The July 3 Sunday Politics column used an incorrect Spanish phrase for "Vote for me." The correct phrase is "Vote por mi," not "Vote para mi."
Got a Political Message for Hispanics? Poll Says to Deliver It in Spanish
Want to run for office? Practice this: " Vote para mi ."
Nearly two-thirds of Hispanics rely more on Spanish-speaking media for political news than on mainstream English-language media, according to a new survey commissioned by the Center for American Progress, a liberal think tank, and conducted by pollster Sergio Bendixen, who specializes in Hispanic public opinion.
The ratio is reversed for other ethnic groups. The survey found that between 60 and 66 percent of African Americans, Asian Americans, Native Americans and Arab Americans prefer the mainstream media for political news. Ethnic media reach 51 million adults in the United States, with Hispanics the primary consumers.
Republicans appear to have cracked the code. In the 2004 election, the findings show that voters who got most of their news from an ethnic media outlet were three times more likely to vote for President Bush than for Democrat John F. Kerry.
Maybe this is why: Hours after Supreme Court Associate Justice Sandra Day O'Connor announced her retirement, the Republican National Committee had posted a tribute from Chairman Ken Mehlman in Spanish and English. On the Democratic National Committee Web site, it was English-only for Chairman Howard Dean.
Rushton Wins, 5 to 4
And the rapid response award on O'Connor goes to . . . Sean Rushton, executive director of the conservative Committee for Justice, who blasted an e-mail at 10:28 a.m. that said, "Confirmed: O'Connor is stepping down." It was the first in a deluge for anyone in Washington lucky enough to be on a Supreme Court watch list.
Three minutes later, at 10:31 a.m., came a short news release from Rep. Melissa Hart (R-Pa.) paying tribute to the retiring justice. At 10:32 a.m., People for the American Way, one of the leading liberal groups in the coming court fight, weighed in with a lengthy statement headlined, "O'Connor resignation a critical moment for the Constitution, crucial test for President Bush and Senate."
Then the releases came flying in, at a clip of at least one a minute. The office of Sen. Jim DeMint (R-S.C.) helpfully provided an audio file of the freshman senator's response. Sen. Tom Coburn (R-Okla.) could barely contain his disdain for the moderate O'Connor. "I would hope that President Bush's nominee will swing the court back toward the Constitution and away from an era of self-indulgent judicial activism," he said.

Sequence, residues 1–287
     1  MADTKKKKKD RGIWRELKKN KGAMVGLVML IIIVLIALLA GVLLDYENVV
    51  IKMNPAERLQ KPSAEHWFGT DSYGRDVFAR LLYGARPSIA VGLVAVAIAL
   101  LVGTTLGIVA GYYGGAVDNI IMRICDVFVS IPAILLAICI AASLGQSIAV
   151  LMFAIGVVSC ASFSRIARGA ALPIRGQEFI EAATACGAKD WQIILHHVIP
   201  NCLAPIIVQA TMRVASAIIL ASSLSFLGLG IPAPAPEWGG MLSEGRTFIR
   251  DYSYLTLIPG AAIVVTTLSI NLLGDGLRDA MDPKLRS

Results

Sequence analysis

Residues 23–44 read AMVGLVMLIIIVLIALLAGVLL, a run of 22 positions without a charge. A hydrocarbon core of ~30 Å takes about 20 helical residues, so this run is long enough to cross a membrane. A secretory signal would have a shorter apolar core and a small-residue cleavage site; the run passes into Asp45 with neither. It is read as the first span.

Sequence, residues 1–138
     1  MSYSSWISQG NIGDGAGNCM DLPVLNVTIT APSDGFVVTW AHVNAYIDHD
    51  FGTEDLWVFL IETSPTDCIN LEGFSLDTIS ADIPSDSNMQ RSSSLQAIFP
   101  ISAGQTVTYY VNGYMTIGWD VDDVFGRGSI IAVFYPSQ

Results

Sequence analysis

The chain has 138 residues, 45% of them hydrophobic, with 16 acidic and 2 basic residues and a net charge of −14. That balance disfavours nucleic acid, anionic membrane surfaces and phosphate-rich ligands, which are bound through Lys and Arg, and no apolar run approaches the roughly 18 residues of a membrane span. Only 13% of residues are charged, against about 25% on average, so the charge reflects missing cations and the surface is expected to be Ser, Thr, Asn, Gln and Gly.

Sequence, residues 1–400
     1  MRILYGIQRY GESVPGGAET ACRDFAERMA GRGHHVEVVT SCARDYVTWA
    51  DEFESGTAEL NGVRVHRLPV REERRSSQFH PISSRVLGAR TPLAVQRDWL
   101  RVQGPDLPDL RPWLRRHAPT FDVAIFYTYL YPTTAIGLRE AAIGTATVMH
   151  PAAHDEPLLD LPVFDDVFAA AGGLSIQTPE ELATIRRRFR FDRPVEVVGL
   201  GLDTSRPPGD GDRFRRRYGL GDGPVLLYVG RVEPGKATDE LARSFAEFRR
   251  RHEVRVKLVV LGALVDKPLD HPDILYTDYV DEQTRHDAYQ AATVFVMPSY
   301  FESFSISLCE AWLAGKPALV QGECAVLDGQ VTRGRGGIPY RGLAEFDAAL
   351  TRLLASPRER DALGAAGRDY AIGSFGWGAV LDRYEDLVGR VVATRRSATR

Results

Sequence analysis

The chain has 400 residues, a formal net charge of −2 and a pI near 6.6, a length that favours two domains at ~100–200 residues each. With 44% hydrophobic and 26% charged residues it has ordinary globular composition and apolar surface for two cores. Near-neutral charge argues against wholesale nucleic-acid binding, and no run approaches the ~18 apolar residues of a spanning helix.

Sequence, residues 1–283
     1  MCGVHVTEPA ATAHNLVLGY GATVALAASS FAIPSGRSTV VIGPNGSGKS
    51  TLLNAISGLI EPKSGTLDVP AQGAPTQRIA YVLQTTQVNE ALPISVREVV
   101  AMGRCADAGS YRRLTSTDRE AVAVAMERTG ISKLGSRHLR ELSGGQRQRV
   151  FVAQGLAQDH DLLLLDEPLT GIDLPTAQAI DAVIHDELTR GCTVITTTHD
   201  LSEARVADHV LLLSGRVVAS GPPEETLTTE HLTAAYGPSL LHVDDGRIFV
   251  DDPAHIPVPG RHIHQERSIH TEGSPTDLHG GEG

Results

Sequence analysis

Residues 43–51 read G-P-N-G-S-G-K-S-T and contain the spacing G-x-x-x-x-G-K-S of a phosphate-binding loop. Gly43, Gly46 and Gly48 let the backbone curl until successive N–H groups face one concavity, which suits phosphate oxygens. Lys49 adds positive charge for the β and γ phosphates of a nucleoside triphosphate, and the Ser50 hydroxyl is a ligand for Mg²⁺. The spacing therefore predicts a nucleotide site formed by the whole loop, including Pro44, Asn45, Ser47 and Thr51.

Sen. Charles E. Schumer (D-N.Y.) may have pulled off the quickest turnaround. When the news broke in mid-morning, his office tracked him down at a Binghamton, N.Y., hospital, where he was talking about a special blood donor program. Schumer flew back to Washington in time to hold a 1:45 p.m. news conference. Only problem was, Senate Majority Leader Bill Frist's office was simultaneously holding a briefing on the nomination process, so Schumer didn't have the expected packed house.
Zogby Polls on the I Word
Even the pollster couldn't believe his eyes. "It was much higher than I expected," John Zogby said of the 42 percent of voters who said they would support impeaching President Bush if it were established that he lied about his reasons for the Iraq war. The Zogby International poll was released Thursday and showed Bush's job approval rating at 43 percent.
By comparison, in October 1998, as the House moved to impeach President Bill Clinton over the Monica S. Lewinsky scandal, a Zogby poll found that 39 percent of voters supported the House action, while 56 percent opposed it.
Bush also fared worse within his own party. Among Republicans in the latest Zogby poll, 25 percent said they would support impeachment if Bush lied. Among Clinton's fellow Democrats, support for impeachment was below 14 percent.
Zogby said the hypothetical question "reveals just how badly divided this country is over the war," but also that people may be more comfortable with the idea of throwing a president out of office. "Presidents go to war and do things that are questionable by large numbers of citizens," said Zogby, but no one has ever been impeached for it.
Unlikely that the Republican-led House will begin proceedings anytime soon. But the Web sites are up and running. http:/
Gallup v. Gallup
Imitation is the highest form of flattery, right? Not if you're in the public opinion business.
Mjaft ! (translation: Enough!), a U.S. government-supported Democratic reform group in Albania, released two polls under the name Gallup International in the run-up to today's national elections.
Problem is, Gallup International is a Bulgarian-based company that has been sued three times by the Gallup Organization, which publishes the Gallup poll and has no connection to Gallup International.